Real wealth is about being thankful for what you do have and realizing that there are those who are far less fortunate than you are.

what is it that drives us to gain wealth? is it the cost of health care or the greed of those controlling health care? Or is it just our own desires to have more? or is it our own lack of self control that gets us in financial trouble no matter what expensive region you live in?
When you consider the hundreds and hundreds of millions of people in this world that have near nothing even the "poorest" amongst us is wealthy.
I have alot of credit card debt and now my 22 yr daughter has several hundred in debt also. I have been driving it upon her to get rid of it. So, I feel the more you can reduce your debt the more you will have. Consider how gratefull the banks are to you for your debt.

I appreciate all your comments. And I agree that wealth is actually not a fixed property, is relative, is actually in the heart and mind of each individual. Did you know that according to polls taken recently, Mexico is the happiest country in the world, per capita? It is certainly not the most wealthy. Something to be considered there, huh?

I remain interested in how a cleric in Victorian England could live on 60 pounds a year. True, room and board were taken care of. But still... how could he afford sneakers?

I make about a $100k per year and live in a $450,000 house in South Carolina. I grew up in an $11,000 house (and never went hungry). Without a doubt, I am rich...filthy rich...richer than 99% of the people who have ever lived on this earth. I'm ashamed to whine about what I don't have (although I, too, do it at times). I never have a single thought about whether I'll be able to eat today, clothe my children, sleep in a sheltered place, or get adequate health care. I feel blessed beyond measure. When we pray with our children, we still thank God for going to sleep in a home that's warm, safe, and dry. Peace...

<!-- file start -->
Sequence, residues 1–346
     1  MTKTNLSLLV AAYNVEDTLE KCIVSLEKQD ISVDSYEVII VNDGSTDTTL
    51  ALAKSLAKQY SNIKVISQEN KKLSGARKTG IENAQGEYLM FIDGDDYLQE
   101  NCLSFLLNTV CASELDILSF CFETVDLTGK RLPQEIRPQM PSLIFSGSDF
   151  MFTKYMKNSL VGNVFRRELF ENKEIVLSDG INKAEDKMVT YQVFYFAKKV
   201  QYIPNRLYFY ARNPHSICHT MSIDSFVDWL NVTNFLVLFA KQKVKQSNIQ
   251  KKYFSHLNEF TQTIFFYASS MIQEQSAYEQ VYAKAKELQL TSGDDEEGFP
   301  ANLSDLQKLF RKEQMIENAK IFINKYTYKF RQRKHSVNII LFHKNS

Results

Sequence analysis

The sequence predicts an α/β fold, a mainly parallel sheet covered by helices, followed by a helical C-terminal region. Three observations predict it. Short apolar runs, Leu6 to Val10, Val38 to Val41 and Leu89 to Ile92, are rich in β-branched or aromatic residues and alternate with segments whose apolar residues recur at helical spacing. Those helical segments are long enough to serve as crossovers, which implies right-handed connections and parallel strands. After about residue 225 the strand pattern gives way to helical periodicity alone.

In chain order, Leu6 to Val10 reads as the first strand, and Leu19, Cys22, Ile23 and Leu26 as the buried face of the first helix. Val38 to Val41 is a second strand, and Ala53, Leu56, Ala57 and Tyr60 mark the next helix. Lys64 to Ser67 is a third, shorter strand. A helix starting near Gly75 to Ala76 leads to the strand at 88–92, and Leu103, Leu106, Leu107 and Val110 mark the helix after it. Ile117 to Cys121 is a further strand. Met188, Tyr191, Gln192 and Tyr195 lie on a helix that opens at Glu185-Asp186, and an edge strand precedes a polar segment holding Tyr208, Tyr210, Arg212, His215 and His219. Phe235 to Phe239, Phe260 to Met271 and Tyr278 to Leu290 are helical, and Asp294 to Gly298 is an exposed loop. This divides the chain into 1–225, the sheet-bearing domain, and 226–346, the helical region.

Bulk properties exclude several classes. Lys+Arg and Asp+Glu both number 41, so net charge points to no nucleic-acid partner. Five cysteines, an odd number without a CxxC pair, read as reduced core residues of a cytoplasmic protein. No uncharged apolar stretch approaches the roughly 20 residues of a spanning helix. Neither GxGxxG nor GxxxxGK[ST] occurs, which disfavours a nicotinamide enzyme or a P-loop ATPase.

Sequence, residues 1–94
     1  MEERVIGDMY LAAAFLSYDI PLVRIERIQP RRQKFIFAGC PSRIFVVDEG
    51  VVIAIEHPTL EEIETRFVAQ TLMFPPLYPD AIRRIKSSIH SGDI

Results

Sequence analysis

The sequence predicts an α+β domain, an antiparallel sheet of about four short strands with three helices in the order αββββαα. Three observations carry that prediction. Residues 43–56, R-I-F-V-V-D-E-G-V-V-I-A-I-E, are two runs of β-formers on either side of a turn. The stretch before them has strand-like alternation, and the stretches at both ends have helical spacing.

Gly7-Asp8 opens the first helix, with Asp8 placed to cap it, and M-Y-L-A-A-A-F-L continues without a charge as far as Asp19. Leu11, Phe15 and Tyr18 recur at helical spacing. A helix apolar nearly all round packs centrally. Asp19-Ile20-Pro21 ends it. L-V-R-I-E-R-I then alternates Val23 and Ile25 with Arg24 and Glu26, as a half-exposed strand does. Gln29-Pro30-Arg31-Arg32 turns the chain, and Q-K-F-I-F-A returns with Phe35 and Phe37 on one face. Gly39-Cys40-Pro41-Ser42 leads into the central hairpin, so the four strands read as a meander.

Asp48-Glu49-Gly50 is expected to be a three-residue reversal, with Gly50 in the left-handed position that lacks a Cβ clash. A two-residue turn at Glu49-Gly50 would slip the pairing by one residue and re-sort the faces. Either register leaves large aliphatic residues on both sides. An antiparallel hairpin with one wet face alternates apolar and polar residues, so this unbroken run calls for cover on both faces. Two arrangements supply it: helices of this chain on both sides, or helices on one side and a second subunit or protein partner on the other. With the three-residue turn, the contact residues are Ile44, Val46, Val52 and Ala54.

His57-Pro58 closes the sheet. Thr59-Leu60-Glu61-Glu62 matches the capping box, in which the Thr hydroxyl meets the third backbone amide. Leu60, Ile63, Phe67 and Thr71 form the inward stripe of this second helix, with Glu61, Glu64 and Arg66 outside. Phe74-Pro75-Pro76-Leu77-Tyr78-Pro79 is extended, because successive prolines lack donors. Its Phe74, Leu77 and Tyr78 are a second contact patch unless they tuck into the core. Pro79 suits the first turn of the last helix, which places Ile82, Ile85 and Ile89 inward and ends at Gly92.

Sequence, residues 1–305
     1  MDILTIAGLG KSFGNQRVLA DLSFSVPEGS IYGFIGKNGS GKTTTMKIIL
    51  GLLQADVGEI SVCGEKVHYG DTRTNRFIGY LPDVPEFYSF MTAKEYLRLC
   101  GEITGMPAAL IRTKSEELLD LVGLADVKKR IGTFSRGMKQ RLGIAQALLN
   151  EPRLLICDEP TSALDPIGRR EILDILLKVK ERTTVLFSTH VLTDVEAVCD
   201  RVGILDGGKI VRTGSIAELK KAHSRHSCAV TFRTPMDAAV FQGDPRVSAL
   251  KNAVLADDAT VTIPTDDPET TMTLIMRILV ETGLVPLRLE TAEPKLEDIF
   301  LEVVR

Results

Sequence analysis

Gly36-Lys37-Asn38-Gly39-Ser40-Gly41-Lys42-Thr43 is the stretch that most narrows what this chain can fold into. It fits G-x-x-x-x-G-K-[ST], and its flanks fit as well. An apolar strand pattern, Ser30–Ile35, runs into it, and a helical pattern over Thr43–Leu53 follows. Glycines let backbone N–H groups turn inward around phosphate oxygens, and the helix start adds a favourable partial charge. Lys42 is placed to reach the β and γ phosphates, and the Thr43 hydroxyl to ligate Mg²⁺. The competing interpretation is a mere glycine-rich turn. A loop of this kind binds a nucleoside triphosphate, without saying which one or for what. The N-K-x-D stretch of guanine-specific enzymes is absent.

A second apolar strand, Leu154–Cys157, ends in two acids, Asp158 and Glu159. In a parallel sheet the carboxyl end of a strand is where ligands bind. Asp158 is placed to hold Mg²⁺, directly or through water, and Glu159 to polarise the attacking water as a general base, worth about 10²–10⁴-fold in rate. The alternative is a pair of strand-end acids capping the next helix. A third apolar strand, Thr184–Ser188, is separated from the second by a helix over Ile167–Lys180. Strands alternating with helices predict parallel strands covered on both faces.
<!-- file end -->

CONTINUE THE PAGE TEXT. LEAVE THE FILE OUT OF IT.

On comparing what money will buy, we have to remember to measure the AVAILABILITY of money. Who cares if a loaf of bread was 25 cents and whatever wages were. Our grandparents didn't have the cash anyway. As my grandfather said, "We were a society without money." And that is how most of the world is today.

When I was a kid, a massive financial setback forced my family to move from a nice house in a nice suburb to a tiny apartment (now Section 8) in a much nastier place. It was traumatizing at the time, but it taught me a lesson I feel very grateful for now: Even if you're doing everything you're supposed to be doing, your money and your stuff could disappear at any time.

So now, in my adult life, I concentrate on my spouse, friends, family, and health, because they're what make me happy and satisfied. (Don't get me wrong, I would LOVE to have some more money... but it would only make me feel more secure about tomorrow... not happier about today.)

I'm not sure you are speaking about money as much as you are - happiness. I think most people have a tendency to look around them to see "where they stand." And from what I've read, its choosing to try and keep up with the person perceived as "doing better" that can often cause a lot of grief. My advice - choose to look around carefully and see those outside your immediate world - those without food, etc. In essence, choose happiness...

Rich is relative; my wife and I make about 200% of the median income for our area. Our home is about 50% above the median for the area (for SFHs, it's just barely above the median). We're young and just starting out. Our house is larger than any we've ever lived in before. We save for retirement and enjoy ourselves - we're very rich in our own eyes.

Great article! Amen! Does anyone have enough of anything these days. Yes we do until our neighbor drives up in a nice shiny new car!! Oh well!!

Discussions about wealth always seems to center around what is now considered standard: new luxury cars, large houses, exotic vacations. Establish those as the benchmarks and anyone can feel poor. But affording a good, used car, a modest house and a domestic,drive-to vacation for some reason is considered poor. People can live within their means on 100k a year and not be poor. It's only the advertisers that set the idea that it's not good enough. Who's controlling whom?

Ok, that was not supposed to be a smiley face in my last post -- I was going for "Section Eight."

In reading your article and also everyone's ( so far) posted comments, I feel that the issue being touched on here is comfort vs happiness.

On the one hand, you admit that you believe you are doing OK financially but also admit that you'd like more. What most people don't understand is that happiness and comfort are not the same thing.